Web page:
Archive for the ‘Science’ category

Lie detector for Organic products

February 6, 2008

Star of the kitchen  Originally uploaded by Rune T

How can you tell if food labeled as organic truly is organic, that is, grown without synthetic fertilizers and pesticides? Live Science reports that Scientists in Spain, trusting chemistry more than corporations, are developing a method to sniff out food grown with synthetic fertilizers. Their technique, published in the January-February issue of the Journal of Environmental Quality, relies on the detection of an isotope of nitrogen found in organic food but not in non-organic food.

Atmospheric nitrogen is made mostly from the nitrogen-14 isotope, with seven protons and seven neutrons. There’s virtually no isotope nitrogen-15 in the air nor, as a result, in the manufactured nitrate-based fertilizers.  However, the nitrogen in manure, the primary fertilizer used in organic farming, can contain up to 20 percent nitrogen-15, according to the researchers, led by Francisco del Amor of the Instituto Murciano de Investigación y Desarrollo Agrario y Agrario y Alimentario (IMIDA)  in Murcia, Spain in a joint project with the Institute of Agrobiotechnology (UPNA-CSIC)

Plants suck up nitrogen, so organic fruits and vegetables are loaded with nitrogen-15. Any food with no nitrogen-15 or a low N15/N14 ratio betrays the use of synthetic fertilizers.

The Spanish researchers, who used sweet pepper plants in their study, said someday their method could be useful in detecting small amounts of synthetic fertilizers used by organic farmers worried about low nitrogen levels in the soil and thus the potential for a low-yield harvest. As organic farming goes global, isotope sniffers could be used by nations to monitor the integrity of imported organic food.

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New anti-germ biodegradable plastic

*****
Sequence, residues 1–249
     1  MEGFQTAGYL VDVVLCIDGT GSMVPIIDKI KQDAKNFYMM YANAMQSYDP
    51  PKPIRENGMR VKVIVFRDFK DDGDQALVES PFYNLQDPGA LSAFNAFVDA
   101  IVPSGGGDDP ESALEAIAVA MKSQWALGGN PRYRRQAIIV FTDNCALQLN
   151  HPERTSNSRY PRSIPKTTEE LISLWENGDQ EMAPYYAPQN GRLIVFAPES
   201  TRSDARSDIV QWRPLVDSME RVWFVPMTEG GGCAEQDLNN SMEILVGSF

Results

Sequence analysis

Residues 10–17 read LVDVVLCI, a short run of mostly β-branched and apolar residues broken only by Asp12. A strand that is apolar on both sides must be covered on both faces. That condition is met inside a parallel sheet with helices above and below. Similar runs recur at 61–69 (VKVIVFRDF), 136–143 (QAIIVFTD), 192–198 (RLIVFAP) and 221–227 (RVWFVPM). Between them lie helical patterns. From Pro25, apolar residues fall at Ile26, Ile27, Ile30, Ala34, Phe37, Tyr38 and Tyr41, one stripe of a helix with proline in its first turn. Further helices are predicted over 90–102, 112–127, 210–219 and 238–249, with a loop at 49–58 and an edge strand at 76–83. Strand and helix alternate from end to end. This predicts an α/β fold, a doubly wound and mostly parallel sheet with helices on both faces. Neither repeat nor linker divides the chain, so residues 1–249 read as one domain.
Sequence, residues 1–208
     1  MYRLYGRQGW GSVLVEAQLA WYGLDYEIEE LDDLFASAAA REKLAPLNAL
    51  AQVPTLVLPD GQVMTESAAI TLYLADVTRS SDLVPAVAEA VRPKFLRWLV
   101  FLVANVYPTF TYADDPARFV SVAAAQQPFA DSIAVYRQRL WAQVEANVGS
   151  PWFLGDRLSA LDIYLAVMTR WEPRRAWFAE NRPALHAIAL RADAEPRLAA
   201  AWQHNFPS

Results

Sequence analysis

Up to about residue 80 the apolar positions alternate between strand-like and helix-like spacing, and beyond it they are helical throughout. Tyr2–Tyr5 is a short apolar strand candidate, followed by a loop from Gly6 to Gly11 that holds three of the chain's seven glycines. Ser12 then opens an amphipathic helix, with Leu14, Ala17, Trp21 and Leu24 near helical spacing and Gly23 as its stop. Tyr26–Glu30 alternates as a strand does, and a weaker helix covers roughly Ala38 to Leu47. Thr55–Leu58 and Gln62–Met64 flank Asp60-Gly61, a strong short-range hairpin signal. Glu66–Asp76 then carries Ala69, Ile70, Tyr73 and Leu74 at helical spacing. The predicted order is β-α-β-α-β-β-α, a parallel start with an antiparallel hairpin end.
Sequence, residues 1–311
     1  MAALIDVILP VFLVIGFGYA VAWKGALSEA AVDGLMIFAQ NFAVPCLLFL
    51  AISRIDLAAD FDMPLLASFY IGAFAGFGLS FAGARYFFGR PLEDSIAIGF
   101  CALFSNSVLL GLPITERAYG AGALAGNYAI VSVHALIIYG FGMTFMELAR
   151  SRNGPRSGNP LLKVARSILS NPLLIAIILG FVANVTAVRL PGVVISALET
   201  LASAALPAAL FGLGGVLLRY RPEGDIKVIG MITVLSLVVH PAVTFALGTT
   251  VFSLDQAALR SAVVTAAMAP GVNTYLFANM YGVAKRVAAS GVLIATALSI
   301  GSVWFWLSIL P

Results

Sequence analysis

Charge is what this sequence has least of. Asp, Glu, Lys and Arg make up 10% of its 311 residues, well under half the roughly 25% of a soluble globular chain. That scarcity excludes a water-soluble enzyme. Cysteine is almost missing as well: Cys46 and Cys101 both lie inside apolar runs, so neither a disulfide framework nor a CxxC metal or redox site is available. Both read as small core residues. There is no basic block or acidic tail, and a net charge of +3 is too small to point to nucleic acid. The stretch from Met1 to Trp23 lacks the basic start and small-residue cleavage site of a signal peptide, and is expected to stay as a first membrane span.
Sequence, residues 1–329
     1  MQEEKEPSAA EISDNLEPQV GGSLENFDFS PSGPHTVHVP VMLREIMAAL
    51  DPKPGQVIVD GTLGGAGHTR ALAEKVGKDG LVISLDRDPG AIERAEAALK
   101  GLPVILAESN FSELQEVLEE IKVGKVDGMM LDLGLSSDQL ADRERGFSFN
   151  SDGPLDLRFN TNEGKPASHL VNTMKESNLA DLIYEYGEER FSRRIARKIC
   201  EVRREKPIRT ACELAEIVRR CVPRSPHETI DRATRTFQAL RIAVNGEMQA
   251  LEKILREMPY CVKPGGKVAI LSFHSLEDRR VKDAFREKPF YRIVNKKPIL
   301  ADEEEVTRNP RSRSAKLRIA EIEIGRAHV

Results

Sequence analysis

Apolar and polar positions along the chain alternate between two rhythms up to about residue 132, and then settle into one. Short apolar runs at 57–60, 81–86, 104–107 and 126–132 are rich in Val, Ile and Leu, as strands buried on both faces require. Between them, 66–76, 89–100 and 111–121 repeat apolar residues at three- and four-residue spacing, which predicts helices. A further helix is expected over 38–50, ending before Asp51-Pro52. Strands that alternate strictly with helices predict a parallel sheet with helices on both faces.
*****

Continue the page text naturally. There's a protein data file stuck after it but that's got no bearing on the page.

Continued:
December 1, 2007

polimero.jpgA team of Spanish researchers has developed a germ-destroying plastic  that degrades by itself once it has come to the end of its useful life.

The team from CSIC (Spanish Council for Scientific Research) sees many possibilities for the experimental procedure in the field of food packaging, although it may also have applications in medical supplies such as syringes, catheters and biosensors.

logo-csic1.jpgThe director of the Research project, Marcos Fernández, has highlighted its commercial viability for the plastics industry.

The sought-after properties were obtained using a photo-catalyzer based on a modified titanium oxide, directly incorporated in the molding process of the plastic component.

The oxide uses sunlight as the energy source to degrade the plastic material at the end of its lifecycle.

World largest telescope makes its debut

July 14, 2007

The study of astrophysics  has taken a step forward with the debut of the world’s biggest optical telescope, known as the GTC or Grantecan, which are abbreviations for “large telescope of the Canary Islands.”

The GTC turned its vast 10.4 meter (34-feet) wide mirror toward the skies and peered into space for the first time last Friday night. “The bigger the mirror, the more light the telescope can capture and the further it can see,” Pedro Alvarez, director of the GTC project, explained.

At 01.00 hours (2300 GMT) on a crystal-clear night, Spain‘s Crown Prince Felipe keyed in the computer codes which brought the observatory’s complex machinery to life. The ceremony launched a final test phase for the €130 million (US$179 million) telescope, which is designed to take advantage of pristine, clear skies at the Atlantic island of La Palma. It should be fully operational by May 2008.

Among those present for the opening was Brian May, lead guitarist of pop group Queen, who studied part of his doctorate in astrophysics at the Canary Islands institute. May is working on a musical score which will be played at the telescope’s inauguration next summer.

The GTC is located at the astrophysical research station of Roque de los Muchachos at the highest point of the Island of La Palma, 2,400 meters (7,870 feet) above sea-level.

Alone above the clouds – Originally uploaded by **ANNE

Construction work took seven years and involved more than 1,000 people from nearly 100 companies. Hauling parts of the telescope weighing a total of 500 tons to a height of 2,400m in the rough weather conditions of the winter months proved to be quite a technical challenge.

“With this (telescope) it will possible to capture the birth of new stars, to study more profoundly the characteristics of black holes or to decipher the chemical components generated by the Big Bang,” the Canary Islands Astrophysics Institute said in a statement.

The institute is considered one of the world’s centers of excellence in astrophysics owing to the special geographical situation of the islands, off the northwest coast of Africa, which offers unusually transparent skies.

The cost of building the GTC was borne by Spain‘s Education and Science Ministry, the regional government of the Canary Islands, with partner astronomical institutes in Mexico and the University of Florida covering about 10 percent of the cost.

With information from: IOL, IHT and El Mundo (in Spanish only)